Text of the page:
Purpose: Trachoma remains the leading preventable infectious cause of blindness in developing countries. Human leukocyte antigen (HLA) associations with ocular disease severity and persistent Chlamydia trachomatis infection of Tanzanians living in trachoma-endemic villages were examined to determine possible protective candidate allotypes for vaccine development. Methods: Buccal swab scrapes were taken from subjects in the Trichiasis Study Group (TSG), which studied females only, and the Family Trachoma Study (FTS), which compared persistently infected probands who had severe disease with disease-free siblings and parents. DNA was purified for polymerase chain reaction sequence-specific oligonucleotide identification of HLA-DRB1, DQB1, and B allotypes. Infection was detected from conjunctival scrapes using a C. trachomatis-specific PCR-enzyme immunoassay for the MOMP-1 gene. Results: In the TSG, DR*B11 (odds ratio [OR], 0.48; 95% confidence interval [CI], 0.26-0.90; P = 0.02) was significantly associated with lack of trichiasis, whereas HLA-B*07 (OR, 3.26; 95% CI, 1.42-7.49; P = 0.004) and HLA-B*08 (OR, 5.12; 95% CI, 1.74-15.05; P = 0.001) were associated with trichiasis. In addition, HLA-B*14 was significantly associated with inflammatory trachoma + follicular trachoma (OR, 3.76; 95% CI, 1.70-8.33; P = 0.04). There were no significant allele frequencies for the FTS. Conclusions: The data suggest that HLA-DRB*11 may offer protection from trichiasis in trachoma hyperendemic villages. Complete allotype identification and designation of its respective protective CD4+ T-cell antigens could provide a testable candidate vaccine for blindness prevention. Additionally, buccal swab DNA was sufficiently stable when acquired under harsh field conditions and stored long term in the freezer for low-resolution HLA typing.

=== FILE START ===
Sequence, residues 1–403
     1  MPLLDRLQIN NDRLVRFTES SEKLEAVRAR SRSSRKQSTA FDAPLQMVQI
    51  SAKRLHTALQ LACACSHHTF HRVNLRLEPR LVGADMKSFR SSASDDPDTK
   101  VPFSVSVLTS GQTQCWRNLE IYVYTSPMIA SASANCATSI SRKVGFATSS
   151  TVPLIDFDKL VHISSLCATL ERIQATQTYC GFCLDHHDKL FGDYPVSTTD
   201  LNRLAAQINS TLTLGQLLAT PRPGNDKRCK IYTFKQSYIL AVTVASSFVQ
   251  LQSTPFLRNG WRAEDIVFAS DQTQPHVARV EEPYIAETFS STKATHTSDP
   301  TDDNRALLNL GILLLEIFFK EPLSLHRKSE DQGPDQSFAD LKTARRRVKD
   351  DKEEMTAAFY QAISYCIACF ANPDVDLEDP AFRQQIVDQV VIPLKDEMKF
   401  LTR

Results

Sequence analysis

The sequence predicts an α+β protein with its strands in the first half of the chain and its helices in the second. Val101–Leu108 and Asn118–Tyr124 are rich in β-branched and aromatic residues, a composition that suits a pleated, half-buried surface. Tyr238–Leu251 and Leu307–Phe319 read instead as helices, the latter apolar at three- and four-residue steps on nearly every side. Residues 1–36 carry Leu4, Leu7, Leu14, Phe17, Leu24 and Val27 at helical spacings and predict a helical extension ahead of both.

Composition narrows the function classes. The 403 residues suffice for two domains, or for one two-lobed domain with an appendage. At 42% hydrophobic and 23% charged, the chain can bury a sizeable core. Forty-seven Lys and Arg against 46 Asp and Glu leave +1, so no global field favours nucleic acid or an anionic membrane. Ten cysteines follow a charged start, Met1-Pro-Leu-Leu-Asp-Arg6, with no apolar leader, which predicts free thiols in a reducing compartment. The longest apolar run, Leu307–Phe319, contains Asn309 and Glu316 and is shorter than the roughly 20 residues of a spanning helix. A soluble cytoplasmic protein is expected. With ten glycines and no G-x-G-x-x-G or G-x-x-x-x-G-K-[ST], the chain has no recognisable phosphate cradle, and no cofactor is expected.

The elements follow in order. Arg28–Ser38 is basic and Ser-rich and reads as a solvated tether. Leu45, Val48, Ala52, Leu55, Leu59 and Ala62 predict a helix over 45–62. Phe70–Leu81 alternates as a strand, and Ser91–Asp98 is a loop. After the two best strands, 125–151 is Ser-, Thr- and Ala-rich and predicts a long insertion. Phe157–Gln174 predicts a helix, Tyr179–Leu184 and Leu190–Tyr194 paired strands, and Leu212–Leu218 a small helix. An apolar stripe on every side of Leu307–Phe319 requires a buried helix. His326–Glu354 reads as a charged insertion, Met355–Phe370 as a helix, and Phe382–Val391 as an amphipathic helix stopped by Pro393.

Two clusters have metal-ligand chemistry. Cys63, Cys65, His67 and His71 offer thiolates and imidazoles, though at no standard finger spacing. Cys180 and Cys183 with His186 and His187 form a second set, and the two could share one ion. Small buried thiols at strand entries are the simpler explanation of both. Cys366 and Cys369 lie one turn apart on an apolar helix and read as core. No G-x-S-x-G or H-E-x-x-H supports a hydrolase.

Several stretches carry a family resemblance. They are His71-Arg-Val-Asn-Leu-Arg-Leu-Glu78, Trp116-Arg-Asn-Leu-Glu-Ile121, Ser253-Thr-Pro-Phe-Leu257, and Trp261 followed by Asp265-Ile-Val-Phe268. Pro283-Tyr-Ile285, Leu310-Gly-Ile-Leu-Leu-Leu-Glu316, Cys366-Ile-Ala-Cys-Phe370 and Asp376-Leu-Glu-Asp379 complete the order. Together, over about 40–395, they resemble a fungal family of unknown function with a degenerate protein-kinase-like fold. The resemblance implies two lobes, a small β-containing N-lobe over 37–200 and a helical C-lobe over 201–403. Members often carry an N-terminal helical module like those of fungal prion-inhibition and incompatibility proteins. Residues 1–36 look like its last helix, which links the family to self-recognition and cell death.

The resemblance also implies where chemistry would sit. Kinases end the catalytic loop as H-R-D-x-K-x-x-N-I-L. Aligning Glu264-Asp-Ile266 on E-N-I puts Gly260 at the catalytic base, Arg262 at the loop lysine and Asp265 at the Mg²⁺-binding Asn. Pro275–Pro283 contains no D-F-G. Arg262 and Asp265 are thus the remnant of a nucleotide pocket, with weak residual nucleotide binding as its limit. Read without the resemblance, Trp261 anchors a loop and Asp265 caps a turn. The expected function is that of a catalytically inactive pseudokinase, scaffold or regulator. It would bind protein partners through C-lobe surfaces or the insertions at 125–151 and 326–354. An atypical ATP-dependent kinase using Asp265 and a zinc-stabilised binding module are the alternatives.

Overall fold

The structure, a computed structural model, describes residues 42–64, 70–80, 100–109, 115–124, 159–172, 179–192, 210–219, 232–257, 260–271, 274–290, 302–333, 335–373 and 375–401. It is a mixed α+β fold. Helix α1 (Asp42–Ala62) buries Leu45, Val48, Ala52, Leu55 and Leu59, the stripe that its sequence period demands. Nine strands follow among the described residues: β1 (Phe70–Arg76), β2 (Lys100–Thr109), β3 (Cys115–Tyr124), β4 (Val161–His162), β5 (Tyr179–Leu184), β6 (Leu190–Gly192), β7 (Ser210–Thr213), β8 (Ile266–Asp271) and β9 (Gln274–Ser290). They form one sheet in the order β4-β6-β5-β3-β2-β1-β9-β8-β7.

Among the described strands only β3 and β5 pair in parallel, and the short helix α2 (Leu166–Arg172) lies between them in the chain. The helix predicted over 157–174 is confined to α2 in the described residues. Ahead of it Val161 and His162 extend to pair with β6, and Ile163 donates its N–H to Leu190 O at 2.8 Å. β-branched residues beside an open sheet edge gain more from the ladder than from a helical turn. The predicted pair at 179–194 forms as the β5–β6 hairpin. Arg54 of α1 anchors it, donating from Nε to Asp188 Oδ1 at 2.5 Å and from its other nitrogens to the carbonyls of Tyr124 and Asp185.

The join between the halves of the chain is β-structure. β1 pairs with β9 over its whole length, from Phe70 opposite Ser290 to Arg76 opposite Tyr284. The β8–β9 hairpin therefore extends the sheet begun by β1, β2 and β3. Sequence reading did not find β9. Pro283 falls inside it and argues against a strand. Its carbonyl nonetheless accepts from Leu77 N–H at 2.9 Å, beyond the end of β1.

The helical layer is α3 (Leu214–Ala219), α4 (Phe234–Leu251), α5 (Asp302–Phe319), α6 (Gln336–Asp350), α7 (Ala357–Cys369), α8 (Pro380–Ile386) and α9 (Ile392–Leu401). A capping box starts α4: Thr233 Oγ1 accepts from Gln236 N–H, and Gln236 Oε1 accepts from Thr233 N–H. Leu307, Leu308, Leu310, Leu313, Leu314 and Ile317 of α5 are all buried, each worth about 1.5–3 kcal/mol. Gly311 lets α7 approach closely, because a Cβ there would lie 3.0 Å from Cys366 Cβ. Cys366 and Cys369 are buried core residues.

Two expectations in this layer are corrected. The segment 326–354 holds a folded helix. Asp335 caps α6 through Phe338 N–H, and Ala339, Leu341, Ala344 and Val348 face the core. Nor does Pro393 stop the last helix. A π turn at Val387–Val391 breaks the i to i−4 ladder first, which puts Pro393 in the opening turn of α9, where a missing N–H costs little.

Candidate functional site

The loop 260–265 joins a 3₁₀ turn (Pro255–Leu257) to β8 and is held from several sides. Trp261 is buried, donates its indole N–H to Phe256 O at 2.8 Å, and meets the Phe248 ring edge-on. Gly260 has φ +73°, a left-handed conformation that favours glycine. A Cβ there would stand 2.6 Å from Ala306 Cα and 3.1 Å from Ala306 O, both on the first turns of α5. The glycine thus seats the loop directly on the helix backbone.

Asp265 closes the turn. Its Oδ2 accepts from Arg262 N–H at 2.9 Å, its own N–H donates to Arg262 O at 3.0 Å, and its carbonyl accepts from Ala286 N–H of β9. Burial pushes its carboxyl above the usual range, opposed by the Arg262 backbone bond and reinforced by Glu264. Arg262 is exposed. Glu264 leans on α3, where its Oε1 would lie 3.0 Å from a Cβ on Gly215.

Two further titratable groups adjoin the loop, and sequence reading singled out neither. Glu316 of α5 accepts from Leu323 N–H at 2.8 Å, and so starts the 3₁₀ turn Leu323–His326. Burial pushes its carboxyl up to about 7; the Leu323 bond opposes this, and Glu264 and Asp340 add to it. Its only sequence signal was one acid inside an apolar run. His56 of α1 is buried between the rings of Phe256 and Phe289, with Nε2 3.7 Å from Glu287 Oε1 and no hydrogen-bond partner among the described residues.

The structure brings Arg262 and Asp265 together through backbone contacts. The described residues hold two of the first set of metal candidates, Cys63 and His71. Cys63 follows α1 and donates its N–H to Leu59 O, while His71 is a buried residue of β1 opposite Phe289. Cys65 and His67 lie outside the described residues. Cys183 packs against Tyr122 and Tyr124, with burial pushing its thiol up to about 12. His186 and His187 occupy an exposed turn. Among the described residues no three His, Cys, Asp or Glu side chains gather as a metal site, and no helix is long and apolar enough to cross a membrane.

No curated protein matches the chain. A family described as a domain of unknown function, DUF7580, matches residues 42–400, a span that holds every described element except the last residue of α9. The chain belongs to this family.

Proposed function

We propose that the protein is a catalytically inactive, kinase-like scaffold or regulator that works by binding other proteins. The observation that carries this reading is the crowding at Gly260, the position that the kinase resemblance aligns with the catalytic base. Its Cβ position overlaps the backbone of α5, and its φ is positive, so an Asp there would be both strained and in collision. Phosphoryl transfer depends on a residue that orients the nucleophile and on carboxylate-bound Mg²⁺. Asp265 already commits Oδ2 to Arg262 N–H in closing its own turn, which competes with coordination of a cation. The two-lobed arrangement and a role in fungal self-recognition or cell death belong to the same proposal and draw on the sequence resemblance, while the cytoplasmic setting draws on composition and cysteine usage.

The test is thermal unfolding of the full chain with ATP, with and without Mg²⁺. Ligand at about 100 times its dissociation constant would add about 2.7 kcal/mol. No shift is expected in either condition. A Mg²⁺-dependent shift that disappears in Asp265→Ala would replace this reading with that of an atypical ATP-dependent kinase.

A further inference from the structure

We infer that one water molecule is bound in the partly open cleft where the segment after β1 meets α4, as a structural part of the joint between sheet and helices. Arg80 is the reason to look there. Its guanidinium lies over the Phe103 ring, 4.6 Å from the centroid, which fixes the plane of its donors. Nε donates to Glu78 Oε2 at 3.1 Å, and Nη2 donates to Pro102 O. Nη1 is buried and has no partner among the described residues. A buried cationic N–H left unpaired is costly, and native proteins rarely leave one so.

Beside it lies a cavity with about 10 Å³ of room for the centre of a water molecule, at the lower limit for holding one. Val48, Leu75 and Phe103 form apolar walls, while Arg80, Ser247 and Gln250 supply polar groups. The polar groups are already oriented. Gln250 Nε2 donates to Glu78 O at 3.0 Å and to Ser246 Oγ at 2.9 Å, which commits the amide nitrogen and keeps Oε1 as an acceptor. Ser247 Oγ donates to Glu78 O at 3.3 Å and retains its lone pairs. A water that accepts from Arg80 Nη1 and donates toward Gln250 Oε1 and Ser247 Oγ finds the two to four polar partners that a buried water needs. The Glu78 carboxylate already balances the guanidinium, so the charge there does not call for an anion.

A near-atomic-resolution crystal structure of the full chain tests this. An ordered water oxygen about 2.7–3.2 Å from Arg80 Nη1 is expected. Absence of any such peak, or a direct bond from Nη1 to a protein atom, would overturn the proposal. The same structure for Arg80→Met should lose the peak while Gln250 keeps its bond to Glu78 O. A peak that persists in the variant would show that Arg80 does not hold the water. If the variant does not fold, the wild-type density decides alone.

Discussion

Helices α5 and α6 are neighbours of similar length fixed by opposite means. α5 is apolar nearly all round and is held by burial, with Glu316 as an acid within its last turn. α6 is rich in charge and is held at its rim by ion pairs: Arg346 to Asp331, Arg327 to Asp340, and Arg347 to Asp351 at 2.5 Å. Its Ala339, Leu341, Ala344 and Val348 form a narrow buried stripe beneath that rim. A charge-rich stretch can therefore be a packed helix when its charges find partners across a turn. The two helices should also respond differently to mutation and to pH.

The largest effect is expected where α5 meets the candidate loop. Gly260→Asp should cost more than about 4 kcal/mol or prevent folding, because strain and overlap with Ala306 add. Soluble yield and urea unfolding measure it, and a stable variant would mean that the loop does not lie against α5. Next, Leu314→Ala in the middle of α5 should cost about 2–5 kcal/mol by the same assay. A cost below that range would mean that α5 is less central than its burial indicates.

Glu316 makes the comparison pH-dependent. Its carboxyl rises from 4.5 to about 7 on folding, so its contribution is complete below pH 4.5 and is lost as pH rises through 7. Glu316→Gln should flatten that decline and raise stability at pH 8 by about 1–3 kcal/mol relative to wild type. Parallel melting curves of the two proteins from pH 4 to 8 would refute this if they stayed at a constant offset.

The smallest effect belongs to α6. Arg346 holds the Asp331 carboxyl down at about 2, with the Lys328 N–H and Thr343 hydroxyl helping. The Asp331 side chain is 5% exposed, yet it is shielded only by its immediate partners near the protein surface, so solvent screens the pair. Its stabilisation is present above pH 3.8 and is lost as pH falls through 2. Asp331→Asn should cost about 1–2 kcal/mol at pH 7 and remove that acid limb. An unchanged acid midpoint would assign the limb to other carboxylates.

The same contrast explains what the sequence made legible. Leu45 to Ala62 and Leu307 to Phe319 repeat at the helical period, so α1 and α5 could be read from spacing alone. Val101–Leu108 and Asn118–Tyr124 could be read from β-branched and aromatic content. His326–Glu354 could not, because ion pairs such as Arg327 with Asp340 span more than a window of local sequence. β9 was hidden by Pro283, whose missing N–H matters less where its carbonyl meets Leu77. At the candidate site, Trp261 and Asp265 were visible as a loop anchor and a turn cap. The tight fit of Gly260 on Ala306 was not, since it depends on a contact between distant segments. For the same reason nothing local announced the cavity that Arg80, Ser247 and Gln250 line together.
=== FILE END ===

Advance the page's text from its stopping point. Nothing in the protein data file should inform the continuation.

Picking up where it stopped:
ASJC Scopus subject areas
- Sensory Systems
- Cellular and Molecular Neuroscience